Advertising issues are not the hurdle they used to be before the Supreme Court struck down many such regulations in an Arizona case some time ago (have to pull out some old briefs to get the right citation :)).

Where any such issues remain, they are all state bar issues - there are no Federal laws governing legal advertising. Unless we're talking Georgia law, lawman may not be able to help out. And lawman has frequently pointed out the value of free legal advice - his or anyone else's ;)

<<added>> Bates v. State Bar of Arizona, 1977<</added>>

Mardi_Gras




msg:785295
 4:45 am on Jan 24, 2003 (gmt 0)

If you're interested in landmark commercial free speech cases, check here [bc.edu] for info on Bates vs the Bar of Arizona. If you're interested in the case that made me an expert in commercial free speech ;), check here [supct.law.cornell.edu]

fathom




msg:785296
 5:37 am on Jan 24, 2003 (gmt 0)

In today's technological environment where: WYSIWYG are packaged with a graphics programme, animator, personal server, canned royalty free artwork & clipart -- a home-based hobbyist can develop a $500 site to a reasonable degree of certainty.

In reality this same person has little overhead and quite a comfortable buisness.

As you move futher away from this business model - a storefront, rent, insurance employees (with degrees in design), more robust programmes, more expertise and knowledge it understandable that there is a mark increase in fees.

Web sites $100 - $100 million and the more specialized you are, and the more niche your target, the greater the fees.

What will the market bear?

This is really the question - a single company is not a market, thus should you base fees on the financial resources of a specific client you should invest heavily on finding identical clients so the your pricepoint is consistent, particular if you don't advertise scalable designs.

A 20,000K job might seem like a cash cow... but only if repeated. One hit wonders are soon forgotten and defunct shortly after inception.

Crazy_Fool




msg:785297
 8:18 am on Jan 24, 2003 (gmt 0)

>>Do laywers in general just not "get" how the web can help them?

i don't think it has anything to do with them being lawyers - it happens all over the world in all business sectors - it's the "freebie culture" - why pay someone to build you a website when you can build your own in frontpage?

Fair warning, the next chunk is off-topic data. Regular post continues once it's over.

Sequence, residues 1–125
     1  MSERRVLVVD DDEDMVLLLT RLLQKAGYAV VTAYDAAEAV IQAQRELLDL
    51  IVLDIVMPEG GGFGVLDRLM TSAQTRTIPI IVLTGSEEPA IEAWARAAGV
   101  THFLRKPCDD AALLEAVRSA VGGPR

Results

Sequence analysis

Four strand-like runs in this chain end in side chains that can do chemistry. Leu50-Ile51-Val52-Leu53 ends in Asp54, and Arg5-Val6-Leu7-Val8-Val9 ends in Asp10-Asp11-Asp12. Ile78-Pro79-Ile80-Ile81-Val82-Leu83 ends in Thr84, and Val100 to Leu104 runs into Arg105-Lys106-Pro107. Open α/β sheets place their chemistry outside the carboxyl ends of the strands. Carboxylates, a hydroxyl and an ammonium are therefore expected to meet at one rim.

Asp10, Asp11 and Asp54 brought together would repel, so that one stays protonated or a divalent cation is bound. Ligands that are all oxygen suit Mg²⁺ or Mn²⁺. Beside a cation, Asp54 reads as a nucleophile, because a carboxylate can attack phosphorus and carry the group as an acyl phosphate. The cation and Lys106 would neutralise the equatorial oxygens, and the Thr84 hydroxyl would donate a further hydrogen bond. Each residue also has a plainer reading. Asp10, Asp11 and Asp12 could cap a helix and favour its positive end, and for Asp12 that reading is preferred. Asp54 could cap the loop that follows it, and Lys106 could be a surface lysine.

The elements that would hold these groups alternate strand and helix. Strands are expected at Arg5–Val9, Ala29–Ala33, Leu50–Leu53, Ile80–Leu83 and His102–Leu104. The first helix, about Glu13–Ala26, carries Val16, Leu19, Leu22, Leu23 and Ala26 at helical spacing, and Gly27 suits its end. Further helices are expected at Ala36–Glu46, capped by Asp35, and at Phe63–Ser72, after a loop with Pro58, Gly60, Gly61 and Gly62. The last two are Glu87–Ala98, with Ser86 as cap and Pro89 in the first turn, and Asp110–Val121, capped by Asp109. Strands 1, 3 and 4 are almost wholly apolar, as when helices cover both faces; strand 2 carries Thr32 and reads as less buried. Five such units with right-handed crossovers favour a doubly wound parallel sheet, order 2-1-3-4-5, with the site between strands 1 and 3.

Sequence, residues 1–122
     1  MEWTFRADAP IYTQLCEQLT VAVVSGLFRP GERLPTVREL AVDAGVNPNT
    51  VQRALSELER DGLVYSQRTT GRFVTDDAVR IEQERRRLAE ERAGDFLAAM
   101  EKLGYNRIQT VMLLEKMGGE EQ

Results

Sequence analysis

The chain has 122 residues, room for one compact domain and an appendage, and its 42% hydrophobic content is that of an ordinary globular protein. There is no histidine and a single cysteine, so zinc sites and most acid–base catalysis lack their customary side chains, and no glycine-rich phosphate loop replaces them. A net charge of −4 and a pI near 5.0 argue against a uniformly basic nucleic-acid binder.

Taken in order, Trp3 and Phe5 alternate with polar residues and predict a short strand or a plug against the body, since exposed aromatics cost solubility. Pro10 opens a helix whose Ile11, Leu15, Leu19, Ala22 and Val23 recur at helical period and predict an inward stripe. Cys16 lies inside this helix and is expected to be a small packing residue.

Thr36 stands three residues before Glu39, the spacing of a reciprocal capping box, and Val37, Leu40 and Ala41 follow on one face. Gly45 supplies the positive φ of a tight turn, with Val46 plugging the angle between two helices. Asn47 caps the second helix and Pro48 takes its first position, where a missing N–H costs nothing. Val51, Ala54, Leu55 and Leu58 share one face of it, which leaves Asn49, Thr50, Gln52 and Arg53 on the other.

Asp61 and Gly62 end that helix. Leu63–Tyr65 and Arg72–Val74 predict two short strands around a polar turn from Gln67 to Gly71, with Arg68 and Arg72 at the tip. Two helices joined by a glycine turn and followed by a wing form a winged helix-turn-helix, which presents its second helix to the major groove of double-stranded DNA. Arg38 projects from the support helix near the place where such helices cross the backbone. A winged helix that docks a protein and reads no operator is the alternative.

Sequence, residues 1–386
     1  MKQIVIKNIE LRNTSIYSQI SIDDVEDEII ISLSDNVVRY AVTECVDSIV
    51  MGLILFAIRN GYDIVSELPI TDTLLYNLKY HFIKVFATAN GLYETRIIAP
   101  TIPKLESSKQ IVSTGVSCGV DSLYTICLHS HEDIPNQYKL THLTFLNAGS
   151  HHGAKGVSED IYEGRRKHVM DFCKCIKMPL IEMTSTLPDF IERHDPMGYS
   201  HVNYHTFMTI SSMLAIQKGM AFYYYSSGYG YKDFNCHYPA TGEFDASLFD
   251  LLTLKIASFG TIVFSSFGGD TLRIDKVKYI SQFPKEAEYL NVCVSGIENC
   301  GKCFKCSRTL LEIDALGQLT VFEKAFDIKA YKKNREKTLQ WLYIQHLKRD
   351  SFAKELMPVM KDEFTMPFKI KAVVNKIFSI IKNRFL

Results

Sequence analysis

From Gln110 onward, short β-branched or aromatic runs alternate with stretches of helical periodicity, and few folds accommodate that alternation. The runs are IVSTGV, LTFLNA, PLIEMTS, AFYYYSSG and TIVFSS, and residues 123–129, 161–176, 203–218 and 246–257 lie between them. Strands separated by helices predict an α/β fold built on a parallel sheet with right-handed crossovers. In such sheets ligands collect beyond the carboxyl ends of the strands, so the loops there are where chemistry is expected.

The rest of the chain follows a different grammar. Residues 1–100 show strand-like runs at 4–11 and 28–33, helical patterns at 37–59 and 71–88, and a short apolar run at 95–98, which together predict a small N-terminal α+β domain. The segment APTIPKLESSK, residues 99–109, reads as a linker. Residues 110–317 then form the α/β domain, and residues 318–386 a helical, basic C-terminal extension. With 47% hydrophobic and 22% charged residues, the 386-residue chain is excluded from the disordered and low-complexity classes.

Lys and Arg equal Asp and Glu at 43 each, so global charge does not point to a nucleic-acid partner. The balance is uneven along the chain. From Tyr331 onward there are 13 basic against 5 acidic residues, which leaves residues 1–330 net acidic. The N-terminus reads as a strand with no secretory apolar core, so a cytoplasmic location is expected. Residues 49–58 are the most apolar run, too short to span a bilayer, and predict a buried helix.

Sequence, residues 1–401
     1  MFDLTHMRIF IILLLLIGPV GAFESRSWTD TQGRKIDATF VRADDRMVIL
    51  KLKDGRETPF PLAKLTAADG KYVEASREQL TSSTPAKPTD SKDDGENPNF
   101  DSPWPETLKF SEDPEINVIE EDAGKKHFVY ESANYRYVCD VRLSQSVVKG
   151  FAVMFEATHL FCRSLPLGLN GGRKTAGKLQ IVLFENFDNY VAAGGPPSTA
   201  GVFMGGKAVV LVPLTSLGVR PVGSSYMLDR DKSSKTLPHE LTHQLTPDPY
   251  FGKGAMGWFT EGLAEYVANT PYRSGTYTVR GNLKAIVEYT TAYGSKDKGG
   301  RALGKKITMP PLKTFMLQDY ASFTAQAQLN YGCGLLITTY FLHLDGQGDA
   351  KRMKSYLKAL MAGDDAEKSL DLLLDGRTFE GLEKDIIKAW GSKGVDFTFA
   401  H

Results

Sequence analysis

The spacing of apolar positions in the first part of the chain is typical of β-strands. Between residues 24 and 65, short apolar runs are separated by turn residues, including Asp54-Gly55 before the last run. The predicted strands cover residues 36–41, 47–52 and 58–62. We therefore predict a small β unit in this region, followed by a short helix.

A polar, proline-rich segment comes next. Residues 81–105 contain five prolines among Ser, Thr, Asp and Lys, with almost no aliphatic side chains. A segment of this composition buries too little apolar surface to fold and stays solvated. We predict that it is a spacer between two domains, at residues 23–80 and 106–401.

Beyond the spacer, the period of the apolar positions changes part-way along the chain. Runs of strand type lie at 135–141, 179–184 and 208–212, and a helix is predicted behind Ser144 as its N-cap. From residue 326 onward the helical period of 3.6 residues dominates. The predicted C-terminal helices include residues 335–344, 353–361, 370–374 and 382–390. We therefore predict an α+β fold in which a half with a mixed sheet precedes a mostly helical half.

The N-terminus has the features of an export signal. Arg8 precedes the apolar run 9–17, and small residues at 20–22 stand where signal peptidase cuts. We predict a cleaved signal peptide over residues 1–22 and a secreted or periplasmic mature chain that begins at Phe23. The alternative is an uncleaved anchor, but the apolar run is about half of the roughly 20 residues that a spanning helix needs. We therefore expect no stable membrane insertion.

2 ways to overcome this:
a) convince them with a lot of sales work - need to give good reasons for paying someone - give them good reasons why they should pay you more than the kid next door with a copy of frontpage
b) regulation by law - governments need to crack down on the internet to stop amateurs and cowboys "playing web design" - introduce qualifications, insist on compulsory membership of government run trade association, ensure all web designers / developers are registered as businesses and paying their taxes etc etc

you won't get b) but you might get a) if you put a lot of work in.

i do a) for e-commerce - like 101 reasons why they should pay my company to develop their e-commerce site. i make the pitch once, everything explained in plain english, no b*llsh*t. i either make the sale or i don't. if i don't. i walk. i never push for the sale, just move on to the next one - in fact, most of the info is on my sites so i don't even aproach them to make the sale, i let them read the info then come to me if they want to pay me. works well for me.

Syren_Song




msg:785298
 1:10 pm on Jan 24, 2003 (gmt 0)

I was doing some "light" reading last night (The Law and Ethics of Lawyering). The limitations lawyers face is a question of state law without question.

However, there is a long-standing issue of lawyers not being allowed to advertise. The major changes to this issue have only come about between 1976 through 1988, and possibly after that. (I haven't finished reading yet.) ;) Still, where the law is concerned, this is all fairly recent legislation.

I think one of the reasons lawyers don't advertise more is that they just aren't in the practice of advertising. They have a long-standing tradition of not advertising. So, if only out of habit, they don't advertise as much as other businesses. They are simply used to getting most of their business through word-of-mouth advertising.

Also, many older attorneys don't want to "rock the boat". They don't want to be the ones to test the system to see if they can get away with doing something unique. They're waiting to see how it goes for the trend-setters, so to speak. They don't want to be the first to (potentially) get themselves disbarred.

I believe that part of the problem is that we're fighting against age-old traditions. Some lawyers can be very stubborn about traditions, and I don't just mean the older ones!

webwoman




msg:785299
 7:11 pm on Jan 24, 2003 (gmt 0)

I am in the midst of selling seo to a lawyer right now. For years, he had one simple 5 page website and never did anything with it. Over the last year, 2 of his competitors recently went wild putting up 7 and 8 sites under different names, taking over 80% of the real estate on page 1, 2, and 3 between the two of them. They practice a small specialized kind of law, and have become fiercely competitive. His site first shows up around page 8!

This lawyer is willing to spend whatever it takes to get to the top of the search engines. (The backstory on this is covered in another thread). But the incentive did not come from any sense of marketing or that the web can bring in new clients. In fact, he knows so little about the internet that I spend much of my time explaining rudimentary concepts to him.